PRISONERS attacked by fellow lags behind bars have pocketed record amounts of compensation, shock figures obtained by HOAR on Sunday reveal.
Taxpayers fork out almost £10,000 for each successful case brought against Ministry of Justice bosses – with inmates often claiming negligence by jail authorities and that more should have done to protect them.
Last year (April 2019-April 2020) there were a record 65 of these claims that were settled by the MoJ for a total of £645,000.
The compensation figure has leapt from £453,000 the previous year and £126,000 in 2014-2015.
In 2016-17 there were just eight successful cases brought by inmates – with £24,000 compensation paid.
Falling numbers of prison officers have been blamed for a rise in the levels of violence behind bars, with attacks on inmates and guards on the rise.
It has also been claimed that crafty prisoners have started hatching schemes to claim compensation for injuries suffered in fake attacks.
Statistics from the MoJ show the number of prisoners on prisoner assaults in jails last year were 23,113 – almost 450 per week.
Most do not result in compensation claims.
‘IT IS LUDICROUS’
Child killer Roy Whiting, 61, is said to be in the process of preparing legal action against the MoJ after two fellow prisoners were convicted of attacking him in his cell in Wakefield prison.
Whiting, who is serving a life sentence for the murder of eight-year-old Sarah Payne in 2000, has suffered a string of assaults since being locked up – and alleges prison bosses should have done more to protect him.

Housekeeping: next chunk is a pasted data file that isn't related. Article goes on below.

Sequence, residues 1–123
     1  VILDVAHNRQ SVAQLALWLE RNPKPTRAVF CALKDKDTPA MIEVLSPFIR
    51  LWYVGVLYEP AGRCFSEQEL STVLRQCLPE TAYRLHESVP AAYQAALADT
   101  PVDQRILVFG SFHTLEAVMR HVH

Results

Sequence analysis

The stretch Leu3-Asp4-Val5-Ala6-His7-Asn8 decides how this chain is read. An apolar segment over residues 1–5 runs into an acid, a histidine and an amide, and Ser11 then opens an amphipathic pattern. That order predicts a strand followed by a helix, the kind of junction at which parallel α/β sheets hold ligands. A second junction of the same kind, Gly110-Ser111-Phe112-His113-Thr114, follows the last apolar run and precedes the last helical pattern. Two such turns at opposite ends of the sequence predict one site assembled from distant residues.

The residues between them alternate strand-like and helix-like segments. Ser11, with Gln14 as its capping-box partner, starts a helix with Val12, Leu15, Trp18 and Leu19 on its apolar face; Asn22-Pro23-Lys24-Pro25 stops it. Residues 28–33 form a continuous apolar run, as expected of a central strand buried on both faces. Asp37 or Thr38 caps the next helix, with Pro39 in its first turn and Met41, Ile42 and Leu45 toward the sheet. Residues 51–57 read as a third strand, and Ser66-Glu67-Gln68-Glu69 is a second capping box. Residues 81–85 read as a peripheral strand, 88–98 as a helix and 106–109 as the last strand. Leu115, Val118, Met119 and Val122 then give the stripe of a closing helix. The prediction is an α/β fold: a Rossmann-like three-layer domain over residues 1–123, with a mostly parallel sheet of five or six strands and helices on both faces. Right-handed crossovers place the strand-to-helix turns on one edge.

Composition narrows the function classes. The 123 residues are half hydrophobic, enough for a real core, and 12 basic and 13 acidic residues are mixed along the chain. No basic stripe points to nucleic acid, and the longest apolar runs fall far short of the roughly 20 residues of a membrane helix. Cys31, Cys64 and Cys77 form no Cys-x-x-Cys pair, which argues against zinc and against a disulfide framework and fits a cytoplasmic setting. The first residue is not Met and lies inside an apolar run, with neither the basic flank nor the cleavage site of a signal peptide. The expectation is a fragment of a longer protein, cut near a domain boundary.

And in 2018, we revealed how Milly Dowler killer Levi Bellfield had boasted in letters that he had been given almost £6,000 in compensation over a jail attack that left with him with nothing more serious than a bruised lip.
David Spencer, Research Director at the Centre for Crime Prevention, said: “It is ludicrous that the taxpayer is having to pay out to convicted criminals to the tune of hundreds of thousands of pounds a year in this way.
“The sums prisoners are raking in from these claims are far more than many of their victims receive and they also have to live with the consequences of the crimes committed by these people. This is something the Ministry of Justice needs to look at more closely.”
Darwin Friend, policy analyst at the TaxPayers’ Alliance, said: “Taxpayers will be outraged at having to cough up a record amount for criminals.
“With family finances under strain, people will rightly be concerned that their hard-earned cash is being used on compensation for cons.
“Prisons need to get a grip of compensation culture so that ratepayers are not left footing the bill.”
A Ministry of Justice spokesperson said: “We successfully defend two thirds of these claims and only settle where it’s likely to save money for the taxpayer – even then we always seek to make sure debts to victims and the courts are paid before the offender sees a penny.”
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